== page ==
Jump to content

Help with identifying Commissaryman Rates and variations


 Share

Recommended Posts

PatLaabs

I have in my collection these 3 rates that I had initially identified as being Commissaryman. I know the 1st class is definitely one but I was wondering why the other 2 differ so much from the 1st class and if those were in fact Commissaryman. According to John Stacey's book the rate Commissaryman was around from 1948 to 1975 which makes sense for the 1st and potentially right 3rd class. But the left 3rd class is throwing me off since it's dated as 1944 and only Chiefs and 1st classes were Commissary Stewards back then. I know the dates on back are typically just contract dates but I figured that's a long time between Commissaryman being for all petty officers and Commissary Steward being only for Chiefs and 1st class.

 

Any ideas?

 

Also why the variation in the feather design? 

20210601_195724.jpg

20210601_195736.jpg

Link to comment
Share on other sites

sigsaye
1 hour ago, PatLaabs said:

I have in my collection these 3 rates that I had initially identified as being Commissaryman. I know the 1st class is definitely one but I was wondering why the other 2 differ so much from the 1st class and if those were in fact Commissaryman. According to John Stacey's book the rate Commissaryman was around from 1948 to 1975 which makes sense for the 1st and potentially right 3rd class. But the left 3rd class is throwing me off since it's dated as 1944 and only Chiefs and 1st classes were Commissary Stewards back then. I know the dates on back are typically just contract dates but I figured that's a long time between Commissaryman being for all petty officers and Commissary Steward being only for Chiefs and 1st class.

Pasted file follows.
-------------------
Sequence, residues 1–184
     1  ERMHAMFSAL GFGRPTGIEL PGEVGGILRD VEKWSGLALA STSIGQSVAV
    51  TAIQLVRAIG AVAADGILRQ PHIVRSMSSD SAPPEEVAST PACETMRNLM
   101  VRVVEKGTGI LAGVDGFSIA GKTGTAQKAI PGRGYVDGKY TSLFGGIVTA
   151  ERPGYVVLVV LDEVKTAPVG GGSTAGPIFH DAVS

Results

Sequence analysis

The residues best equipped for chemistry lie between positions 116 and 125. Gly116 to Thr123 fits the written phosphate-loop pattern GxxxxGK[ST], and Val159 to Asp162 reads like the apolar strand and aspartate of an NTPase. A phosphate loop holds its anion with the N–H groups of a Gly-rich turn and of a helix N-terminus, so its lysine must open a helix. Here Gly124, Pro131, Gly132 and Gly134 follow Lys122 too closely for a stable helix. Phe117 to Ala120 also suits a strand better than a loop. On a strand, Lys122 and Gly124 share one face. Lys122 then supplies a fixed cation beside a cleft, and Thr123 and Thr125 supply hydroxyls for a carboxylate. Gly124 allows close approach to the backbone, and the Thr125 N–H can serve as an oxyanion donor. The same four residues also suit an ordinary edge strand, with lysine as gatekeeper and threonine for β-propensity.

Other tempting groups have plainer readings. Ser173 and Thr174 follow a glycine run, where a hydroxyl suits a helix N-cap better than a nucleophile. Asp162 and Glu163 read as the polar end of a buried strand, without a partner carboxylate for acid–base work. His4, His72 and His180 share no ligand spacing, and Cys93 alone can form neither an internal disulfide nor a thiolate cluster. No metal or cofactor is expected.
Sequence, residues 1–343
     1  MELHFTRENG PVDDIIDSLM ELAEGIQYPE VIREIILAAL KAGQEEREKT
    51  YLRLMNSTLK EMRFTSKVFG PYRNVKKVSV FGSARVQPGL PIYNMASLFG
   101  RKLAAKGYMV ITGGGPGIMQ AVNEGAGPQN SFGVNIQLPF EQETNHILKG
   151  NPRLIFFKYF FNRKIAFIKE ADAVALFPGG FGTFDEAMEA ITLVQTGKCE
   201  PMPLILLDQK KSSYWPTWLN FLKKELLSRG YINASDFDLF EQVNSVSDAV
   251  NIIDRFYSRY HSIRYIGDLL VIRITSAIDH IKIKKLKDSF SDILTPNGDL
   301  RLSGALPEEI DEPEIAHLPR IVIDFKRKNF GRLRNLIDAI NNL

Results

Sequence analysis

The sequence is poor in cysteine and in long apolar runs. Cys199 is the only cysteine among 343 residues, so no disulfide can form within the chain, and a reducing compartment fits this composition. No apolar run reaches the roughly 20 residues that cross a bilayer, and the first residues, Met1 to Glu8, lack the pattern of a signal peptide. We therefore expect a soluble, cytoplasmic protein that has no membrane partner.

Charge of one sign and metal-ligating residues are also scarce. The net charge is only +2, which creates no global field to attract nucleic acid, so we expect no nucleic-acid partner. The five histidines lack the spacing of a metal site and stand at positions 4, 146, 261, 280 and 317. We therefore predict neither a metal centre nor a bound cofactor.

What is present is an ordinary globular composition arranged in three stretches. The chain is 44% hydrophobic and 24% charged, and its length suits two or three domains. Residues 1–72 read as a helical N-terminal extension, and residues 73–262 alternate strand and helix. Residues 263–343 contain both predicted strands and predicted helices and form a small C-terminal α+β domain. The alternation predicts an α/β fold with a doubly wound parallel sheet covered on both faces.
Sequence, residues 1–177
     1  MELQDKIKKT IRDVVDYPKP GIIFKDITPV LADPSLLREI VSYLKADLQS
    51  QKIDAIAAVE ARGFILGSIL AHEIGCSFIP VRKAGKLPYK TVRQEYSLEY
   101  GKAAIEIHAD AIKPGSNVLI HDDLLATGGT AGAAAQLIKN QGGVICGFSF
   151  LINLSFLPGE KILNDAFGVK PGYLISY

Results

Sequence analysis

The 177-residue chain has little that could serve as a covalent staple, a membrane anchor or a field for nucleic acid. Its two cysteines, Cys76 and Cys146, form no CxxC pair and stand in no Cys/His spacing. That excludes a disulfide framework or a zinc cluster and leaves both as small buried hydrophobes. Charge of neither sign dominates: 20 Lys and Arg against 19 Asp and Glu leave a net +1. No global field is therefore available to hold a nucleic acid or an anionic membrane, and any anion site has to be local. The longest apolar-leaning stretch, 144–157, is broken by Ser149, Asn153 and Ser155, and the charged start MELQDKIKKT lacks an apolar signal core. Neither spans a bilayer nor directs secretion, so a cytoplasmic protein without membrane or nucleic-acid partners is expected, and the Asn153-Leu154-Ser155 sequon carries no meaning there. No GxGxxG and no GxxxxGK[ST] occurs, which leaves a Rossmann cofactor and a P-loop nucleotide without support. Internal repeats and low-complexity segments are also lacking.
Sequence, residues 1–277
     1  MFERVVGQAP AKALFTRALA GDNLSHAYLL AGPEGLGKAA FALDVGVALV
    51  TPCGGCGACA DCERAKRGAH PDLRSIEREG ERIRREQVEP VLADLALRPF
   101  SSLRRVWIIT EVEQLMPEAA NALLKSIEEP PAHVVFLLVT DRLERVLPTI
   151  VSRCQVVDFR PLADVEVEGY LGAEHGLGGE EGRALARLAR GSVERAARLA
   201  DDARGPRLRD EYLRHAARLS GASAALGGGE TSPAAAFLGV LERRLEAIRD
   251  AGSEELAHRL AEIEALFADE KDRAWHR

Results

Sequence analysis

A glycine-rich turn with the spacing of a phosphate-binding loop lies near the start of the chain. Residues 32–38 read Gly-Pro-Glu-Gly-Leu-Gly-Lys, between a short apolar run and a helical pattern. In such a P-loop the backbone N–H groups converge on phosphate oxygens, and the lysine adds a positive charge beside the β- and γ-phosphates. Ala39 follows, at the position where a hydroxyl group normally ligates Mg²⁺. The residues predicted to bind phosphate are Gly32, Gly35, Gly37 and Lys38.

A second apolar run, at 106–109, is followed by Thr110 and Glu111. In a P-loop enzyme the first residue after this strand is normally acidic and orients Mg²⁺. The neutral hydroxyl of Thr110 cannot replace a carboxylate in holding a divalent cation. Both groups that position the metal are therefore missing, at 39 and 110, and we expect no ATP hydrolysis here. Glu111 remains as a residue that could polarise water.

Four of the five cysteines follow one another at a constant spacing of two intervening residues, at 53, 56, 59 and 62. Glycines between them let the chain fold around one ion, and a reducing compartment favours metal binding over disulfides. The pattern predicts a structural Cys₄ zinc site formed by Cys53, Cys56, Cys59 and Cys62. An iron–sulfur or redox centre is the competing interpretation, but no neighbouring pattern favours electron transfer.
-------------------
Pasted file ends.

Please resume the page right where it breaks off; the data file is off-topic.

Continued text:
Any ideas?

 

Also why the variation in the feather design? 

20210601_195724.jpg

20210601_195736.jpg

My uncle was Ships Cook Third Class at Pearl Harbor. And made Chief Commissary Steward in 1944. He served 20 years, retiring in 1969. He had a booklet that explained it all. Sadly when he passed away, his daughters tossed it along with all his uniforms and other “Old Navy Junk”. 

Link to comment
Share on other sites

PatLaabs
8 hours ago, sigsaye said:

My uncle was Ships Cook Third Class at Pearl Harbor. And made Chief Commissary Steward in 1944. He served 20 years, retiring in 1969. He had a booklet that explained it all. Sadly when he passed away, his daughters tossed it along with all his uniforms and other “Old Navy Junk”. 

Darn, that would've been nice to take a look at. 

 

My main reason for wanting to get this sorted out is because I have all my rates sorted by their abbreviation and then by date. So a WWI era Pharmacists Mate comes before my 1939 dated one and then my WWII era ones come next. I just want to know where I should be placing these in my collection in order to make it accurate and also for when I make little labels detailing the rating name, abbreviation, uniform type, usage dates, and any notes for it.

Link to comment
Share on other sites

Justin B.
12 hours ago, PatLaabs said:

I have in my collection these 3 rates that I had initially identified as being Commissaryman. I know the 1st class is definitely one but I was wondering why the other 2 differ so much from the 1st class and if those were in fact Commissaryman. According to John Stacey's book the rate Commissaryman was around from 1948 to 1975 which makes sense for the 1st and potentially right 3rd class. But the left 3rd class is throwing me off since it's dated as 1944 and only Chiefs and 1st classes were Commissary Stewards back then. I know the dates on back are typically just contract dates but I figured that's a long time between Commissaryman being for all petty officers and Commissary Steward being only for Chiefs and 1st class.

 

Any ideas?

 

Also why the variation in the feather design?